Recovering from an eating disorder…

6 Feb

Anorexia, bulimia, pica and many more are serious eating disorders that I’m sure you have all seen articles, documentaries and campaigns about. The need to tackle these illnesses is exceedingly important, however what happens when someone has recovered? It’s not always about being able to pig out on McDonalds and other fast food places as some may think. Recovery however from something like this involves a long hard road where the suffering doesn’t change overnight.

Being recovered from an eating disorder may mean that you can now go and enjoy the foods that have for so long been the enemy but that does not mean that it is easy, nor does it mean that said person can just binge eat like their friends. It takes courage and time before the sufferer may feel comfortable to eat to excess or even eat in front of others. Remember the sufferer has gone through months/years of turmoil in relation to food and while they have recovered, they still may be slightly anxious of ‘getting back to normal’ so help them to see that everything isn’t as scary as they may at first think and be there for them.

Parts of the eating disorder may arise if the person is under particular stress or worry but it is important to be there for your friend/relative/acquaintance and remind them why they recovered in the first place. It does not mean that they are going back to old habits but they should be watched just to make sure a stressful time doesn’t bring the on the onset of the illness.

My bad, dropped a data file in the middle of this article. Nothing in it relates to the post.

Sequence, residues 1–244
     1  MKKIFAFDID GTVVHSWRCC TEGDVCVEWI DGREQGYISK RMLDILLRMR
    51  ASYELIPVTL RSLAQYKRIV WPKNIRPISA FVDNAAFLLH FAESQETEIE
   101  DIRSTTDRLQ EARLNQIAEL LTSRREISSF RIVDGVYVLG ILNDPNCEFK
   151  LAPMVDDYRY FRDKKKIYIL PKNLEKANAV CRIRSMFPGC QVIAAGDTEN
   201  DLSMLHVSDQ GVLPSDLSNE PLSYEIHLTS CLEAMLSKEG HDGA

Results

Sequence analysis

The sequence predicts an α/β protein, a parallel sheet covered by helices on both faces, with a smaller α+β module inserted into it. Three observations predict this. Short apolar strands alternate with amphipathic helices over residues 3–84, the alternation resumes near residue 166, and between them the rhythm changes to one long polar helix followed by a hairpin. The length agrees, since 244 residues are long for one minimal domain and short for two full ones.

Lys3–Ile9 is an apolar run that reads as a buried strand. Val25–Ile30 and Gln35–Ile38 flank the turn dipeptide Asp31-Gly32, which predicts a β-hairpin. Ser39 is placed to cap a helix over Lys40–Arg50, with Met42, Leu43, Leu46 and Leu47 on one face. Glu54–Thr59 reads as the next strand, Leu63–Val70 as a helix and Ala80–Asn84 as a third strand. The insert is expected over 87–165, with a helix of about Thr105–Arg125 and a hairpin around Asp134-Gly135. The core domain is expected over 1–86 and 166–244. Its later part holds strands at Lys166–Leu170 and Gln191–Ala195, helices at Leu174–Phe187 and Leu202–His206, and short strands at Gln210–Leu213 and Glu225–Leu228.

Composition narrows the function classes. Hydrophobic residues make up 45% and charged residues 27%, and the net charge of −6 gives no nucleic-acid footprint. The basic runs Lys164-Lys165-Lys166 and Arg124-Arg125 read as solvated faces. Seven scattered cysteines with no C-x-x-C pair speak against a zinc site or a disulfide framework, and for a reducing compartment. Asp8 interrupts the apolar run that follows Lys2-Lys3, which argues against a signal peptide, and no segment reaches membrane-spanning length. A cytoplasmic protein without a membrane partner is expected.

My message to past sufferers who are now gaining weight: it is better, you are now becoming healthy and it is normal to be gaining weight. You know healthy doesn’t mean fat like you used to think. Don’t let a small amount of weight gain allow the illness to reoccur. You recovered for a reason, don’t let just a little healthy weight gain affect all that hard work you did in recovery for you and the people around you. You are not now fat, you are normal, you are able to enjoy life again and food, socialising and chilling. Besides, you can lose some, not to the degree you did before, but it is normal for your body weight to go up and down as you enjoy life. Don’t let a little bit of weight gain ruin so much hard work, think of what you did to overcome the disorder, think of why you did it.

About the Writer: Becky has just finished a degree in English and Creative Writing and is very happy with her 2:1. She is friendly, bubbly and just so happens to be the co-creator of Yellow Bunting. She hopes you enjoy it and that you get involved!

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